Two days before the Broncos broke their eight-game losing streak, cornerback Chris Harris trudged to the podium near the team’s practice field to finally reap one reward of a season he’d otherwise like to forget.
Harris, a seven-year veteran who made the leap from undrafted player to multiyear Pro Bowl selection, added another accolade to his name as the Broncos’ 2017 Walter Payton Man of the Year.
“At least something positive comes of this season,” he said with a sly smile as he faced a crowd of cameras.
It’s been that kind of season.
Harris has never been one to mask his anger or elation, never been one to temper his opinion of opponents or even his own teammates, never been one to give the politically correct line when he’s thinking the opposite. Harris keeps it straight and keeps looking forward because doing so has carried him to near the top of the NFL ladder.
Although the Broncos (5-9) have bounced back to win two straight, they soon will spend another postseason on the couch, and for a veteran whose career was built on beating the odds, the past four months have been the most difficult to stomach.
“It’s definitely been hard,” he said. “You expect to go to the playoffs every year, so that’s been really disappointing, not being able to be in those big games this year. We’ve just been killing ourselves the whole year. If we didn’t do that, then we could have beaten anybody, really.”
To know how difficult it’s been for him, just watch. And listen.
A day before the Broncos jetted off to Indianapolis to snag their second win in five days, Harris sat at his locker thumbing through the same numbers that have left him shaking his head in disbelief for weeks now.
Since establishing himself as one of the NFL’s most recognizable and feared corners, Harris has become accustomed to serving as the do-it-all game-changer. Ask him to play slot and he will turn into the league’s best slot cornerback. Ask him to play outside, and he will shut it down. Ask him to essentially be everywhere at once in the defensive backfield — no problem.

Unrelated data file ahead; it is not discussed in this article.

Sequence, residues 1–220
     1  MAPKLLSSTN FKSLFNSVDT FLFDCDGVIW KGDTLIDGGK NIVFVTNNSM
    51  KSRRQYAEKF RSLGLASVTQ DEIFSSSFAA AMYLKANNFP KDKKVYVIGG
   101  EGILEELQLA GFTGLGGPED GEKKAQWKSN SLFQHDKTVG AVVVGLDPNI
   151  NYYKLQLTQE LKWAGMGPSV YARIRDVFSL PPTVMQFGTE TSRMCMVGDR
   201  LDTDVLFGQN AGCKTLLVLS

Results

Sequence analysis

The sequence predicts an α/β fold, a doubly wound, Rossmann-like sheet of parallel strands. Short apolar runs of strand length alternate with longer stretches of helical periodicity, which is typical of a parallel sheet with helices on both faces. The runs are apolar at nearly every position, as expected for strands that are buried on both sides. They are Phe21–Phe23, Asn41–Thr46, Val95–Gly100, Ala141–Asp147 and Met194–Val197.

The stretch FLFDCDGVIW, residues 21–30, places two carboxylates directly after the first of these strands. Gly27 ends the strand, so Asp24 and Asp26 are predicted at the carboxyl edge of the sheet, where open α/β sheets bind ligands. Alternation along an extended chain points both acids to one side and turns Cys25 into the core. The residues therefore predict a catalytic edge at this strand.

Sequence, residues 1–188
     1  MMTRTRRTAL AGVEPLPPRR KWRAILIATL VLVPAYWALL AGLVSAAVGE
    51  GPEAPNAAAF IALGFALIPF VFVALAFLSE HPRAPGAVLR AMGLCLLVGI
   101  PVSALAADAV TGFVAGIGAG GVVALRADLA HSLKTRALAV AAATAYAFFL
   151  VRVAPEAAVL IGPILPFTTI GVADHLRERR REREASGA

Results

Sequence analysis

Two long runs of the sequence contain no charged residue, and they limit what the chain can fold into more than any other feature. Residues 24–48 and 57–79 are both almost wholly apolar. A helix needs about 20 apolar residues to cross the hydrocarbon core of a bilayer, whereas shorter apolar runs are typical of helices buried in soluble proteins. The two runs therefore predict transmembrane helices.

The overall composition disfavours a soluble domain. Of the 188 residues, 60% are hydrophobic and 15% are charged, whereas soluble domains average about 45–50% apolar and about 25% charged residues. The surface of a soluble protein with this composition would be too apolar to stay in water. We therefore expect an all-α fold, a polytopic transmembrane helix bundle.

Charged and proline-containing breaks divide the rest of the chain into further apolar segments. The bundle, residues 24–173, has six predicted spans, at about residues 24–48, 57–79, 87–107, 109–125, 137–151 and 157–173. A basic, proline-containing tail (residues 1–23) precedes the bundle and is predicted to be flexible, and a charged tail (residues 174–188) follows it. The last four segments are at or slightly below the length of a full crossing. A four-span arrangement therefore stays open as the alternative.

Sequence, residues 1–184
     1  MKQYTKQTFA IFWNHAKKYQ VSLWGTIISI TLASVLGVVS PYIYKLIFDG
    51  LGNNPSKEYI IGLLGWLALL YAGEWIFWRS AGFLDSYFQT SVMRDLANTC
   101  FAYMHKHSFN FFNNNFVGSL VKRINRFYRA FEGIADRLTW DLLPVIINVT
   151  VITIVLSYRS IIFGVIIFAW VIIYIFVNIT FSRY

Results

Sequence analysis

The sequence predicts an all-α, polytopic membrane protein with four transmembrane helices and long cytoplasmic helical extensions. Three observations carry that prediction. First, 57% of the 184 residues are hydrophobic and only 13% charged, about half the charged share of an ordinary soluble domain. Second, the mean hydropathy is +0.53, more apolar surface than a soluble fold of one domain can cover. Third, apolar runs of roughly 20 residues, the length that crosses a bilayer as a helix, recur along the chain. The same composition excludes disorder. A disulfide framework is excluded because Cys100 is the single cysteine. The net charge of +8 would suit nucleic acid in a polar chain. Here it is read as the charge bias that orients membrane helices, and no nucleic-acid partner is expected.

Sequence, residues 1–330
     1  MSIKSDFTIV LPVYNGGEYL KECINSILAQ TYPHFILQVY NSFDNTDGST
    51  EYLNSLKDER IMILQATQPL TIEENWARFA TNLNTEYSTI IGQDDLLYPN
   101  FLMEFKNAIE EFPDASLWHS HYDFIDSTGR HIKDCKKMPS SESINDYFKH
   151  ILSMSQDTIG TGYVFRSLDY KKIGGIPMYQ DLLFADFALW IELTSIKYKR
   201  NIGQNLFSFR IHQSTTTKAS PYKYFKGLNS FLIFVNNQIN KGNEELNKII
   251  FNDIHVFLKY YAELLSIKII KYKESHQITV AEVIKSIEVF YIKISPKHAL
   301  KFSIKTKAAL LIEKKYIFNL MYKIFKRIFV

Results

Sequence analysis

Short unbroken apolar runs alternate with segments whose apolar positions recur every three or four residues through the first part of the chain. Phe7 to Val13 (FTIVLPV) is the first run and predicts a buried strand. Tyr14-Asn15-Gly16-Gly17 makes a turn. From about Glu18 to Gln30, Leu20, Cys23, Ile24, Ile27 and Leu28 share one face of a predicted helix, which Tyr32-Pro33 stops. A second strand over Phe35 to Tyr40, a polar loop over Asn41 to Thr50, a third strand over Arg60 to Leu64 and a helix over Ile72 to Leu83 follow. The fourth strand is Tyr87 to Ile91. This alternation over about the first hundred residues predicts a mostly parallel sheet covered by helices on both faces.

But this year, as Denver’s offense morphed into a turnover machine and the defense was forced to often play from behind, opponents found new ways to attack the Broncos’ No-Fly Zone secondary. Why throw to your wide receivers covered by Harris and fellow Pro Bowler Aqib Talib when your tight ends and running backs can cause plenty of damage?
Just look at the numbers.
“Oh, yeah,” Harris said as he whipped out his phone that day. “I’ll show you.”
According to Stats Inc., Harris has been targeted only 55 times through 14 games, for an average of 3.9 per game. Last year he finished the season with 87 targets, an average of about 5.4 per game.
“I didn’t get enough targets to be able to change the game like I have in the past,” he said. “I still had nice numbers and still gave up less touchdowns than a lot of people.”
New scheme backfires
But fewer targets means fewer chances for game-changing plays, and fewer memorable moments means a drop in popularity for those key accolades. Harris was snubbed in Pro Bowl voting this year and named an alternate.
“I’m undrafted. It’s always going to be like that. I have to go above and beyond on everything that I do even though I have the stats. … I just see it as I don’t need to play the slot no more. That’s what it is. Playing in the slot, I think that really hurts me,” he said.
Even though he is the best slot corner in the league because of his versatility.
“But I think it hurts me when it comes to things like this,” he said. “I know I can go outside and have better numbers than I put up in the slot.”